In the House of Representatives, while Republicans maintained a comfortable margin of seats, Democrats actually won more votes than Republicans did overall, but due to redistricting, only gained about 7 seats, depending on the final results of a few races.  Democrats were, however, able to defeat such divisive and radical individuals such as Allen West in Florida (who had run for re-election in a different district rather than face is constituents for a second time) and Joe Walsh in Illinois.  In defeating Joe Walsh, Tammy Duckworth also became the first Asian-American elected to Congress from the state of Illinois. In Hawaii, Tulsi Gabbard who won Mize Hirono's House seat, becomes the first practicing Hindu elected.  Duckworth and Gabbard are part of a much larger trend for the Democratic House caucus, which for the first time ever, will be composed of less than 50% white men.

Finally, and most impressively, President Barack Obama won decisively. In 2008, the political headwinds were blowing fully in the Democrats favor, and it is hard to imagine almost any moderately capable Democrat losing to any Republican in that environment. Barack Obama also had a massive financial advantage through his fundraising success, and was able to win states that Democrats had not won since Jimmy Carter or Lyndon Johnson.  In 2012 the political headwinds were blowing in the opposite direction.  Republicans had taken the House in 2010, employment was at almost 8%, and the economic recovery had been very slow.  And yet despite this, Barack Obama won decisively. He won the popular vote, he had a huge win in the Electoral College, and he retained all the states he won in 2008 except for North Carolina and Indiana (along with the 2nd congressional district of Nebraska).  The youth vote that was supposedly indifferent not only showed up, but actually increased their share of the voting electorate, and hispanic and asian voters overwhelmingly voted for Democrats at margins of about 3-1.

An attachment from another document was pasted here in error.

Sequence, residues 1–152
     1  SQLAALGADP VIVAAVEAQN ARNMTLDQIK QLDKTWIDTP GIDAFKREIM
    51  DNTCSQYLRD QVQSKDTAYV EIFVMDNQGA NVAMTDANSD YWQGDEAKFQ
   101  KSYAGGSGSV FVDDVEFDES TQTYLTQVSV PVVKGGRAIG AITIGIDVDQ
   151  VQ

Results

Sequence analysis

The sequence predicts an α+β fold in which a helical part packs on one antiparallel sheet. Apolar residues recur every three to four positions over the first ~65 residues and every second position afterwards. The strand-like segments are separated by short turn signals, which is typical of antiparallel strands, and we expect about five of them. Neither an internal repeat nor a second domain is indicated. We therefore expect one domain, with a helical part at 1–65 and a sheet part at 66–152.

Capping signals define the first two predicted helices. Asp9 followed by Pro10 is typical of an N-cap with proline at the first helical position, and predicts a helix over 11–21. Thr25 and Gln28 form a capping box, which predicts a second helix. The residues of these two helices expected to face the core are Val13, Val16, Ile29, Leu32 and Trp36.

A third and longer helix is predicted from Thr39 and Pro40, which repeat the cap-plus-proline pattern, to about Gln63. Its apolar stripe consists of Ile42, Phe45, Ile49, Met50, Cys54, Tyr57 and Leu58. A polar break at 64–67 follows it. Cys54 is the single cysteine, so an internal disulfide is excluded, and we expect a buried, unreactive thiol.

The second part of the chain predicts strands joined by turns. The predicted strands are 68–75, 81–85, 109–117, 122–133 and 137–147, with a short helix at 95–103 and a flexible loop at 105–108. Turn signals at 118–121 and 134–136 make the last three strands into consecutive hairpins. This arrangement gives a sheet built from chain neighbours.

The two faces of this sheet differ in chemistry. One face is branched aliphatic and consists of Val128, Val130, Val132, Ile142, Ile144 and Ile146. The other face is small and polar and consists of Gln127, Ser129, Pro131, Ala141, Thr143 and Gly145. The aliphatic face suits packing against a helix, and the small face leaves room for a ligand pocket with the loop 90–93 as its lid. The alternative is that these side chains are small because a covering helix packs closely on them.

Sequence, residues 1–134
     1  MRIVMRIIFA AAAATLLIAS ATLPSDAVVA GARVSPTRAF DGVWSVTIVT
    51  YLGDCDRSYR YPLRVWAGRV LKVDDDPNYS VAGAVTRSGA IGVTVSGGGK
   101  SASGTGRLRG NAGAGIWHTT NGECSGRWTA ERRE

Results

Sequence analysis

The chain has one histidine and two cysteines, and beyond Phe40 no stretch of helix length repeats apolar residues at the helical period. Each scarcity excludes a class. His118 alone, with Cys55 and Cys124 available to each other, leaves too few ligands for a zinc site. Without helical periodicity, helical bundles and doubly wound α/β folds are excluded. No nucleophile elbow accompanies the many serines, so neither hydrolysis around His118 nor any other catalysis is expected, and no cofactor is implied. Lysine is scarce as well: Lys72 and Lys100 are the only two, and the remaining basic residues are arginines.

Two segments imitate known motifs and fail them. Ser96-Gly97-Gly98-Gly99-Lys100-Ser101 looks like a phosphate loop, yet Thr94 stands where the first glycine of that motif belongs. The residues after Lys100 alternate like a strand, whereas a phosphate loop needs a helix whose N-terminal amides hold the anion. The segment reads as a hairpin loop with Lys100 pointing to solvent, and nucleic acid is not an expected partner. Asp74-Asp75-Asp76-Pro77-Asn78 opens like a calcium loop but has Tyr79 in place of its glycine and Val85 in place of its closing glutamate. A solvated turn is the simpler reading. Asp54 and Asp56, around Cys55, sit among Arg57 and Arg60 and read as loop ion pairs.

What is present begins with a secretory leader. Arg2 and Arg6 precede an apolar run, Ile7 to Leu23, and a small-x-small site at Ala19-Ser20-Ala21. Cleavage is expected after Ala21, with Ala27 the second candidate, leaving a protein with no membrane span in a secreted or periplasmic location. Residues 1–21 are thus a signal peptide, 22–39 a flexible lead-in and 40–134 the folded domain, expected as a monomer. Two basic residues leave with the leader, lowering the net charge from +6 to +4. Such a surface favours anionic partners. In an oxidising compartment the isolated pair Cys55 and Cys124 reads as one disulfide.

By retaining the Senate and the Presidency, this also ensures that the progress towards universal healthcare in the United States will take a giant step forward as the Affordable Care Act will be able to be fully implemented by 2014, where it would have been gutted or fully repealed if Republicans had won all three branches of government. Being denied coverage for pre-existing conditions is going to become a thing of the past, and individuals who are not provided healthcare by their work will, for the first time, have the opportunity to buy an individual plan that is not exorbitantly priced.

There is always room for more progress, but it's important to realize just how truly amazing this election was, and how tangibly it has advanced social justice in this country.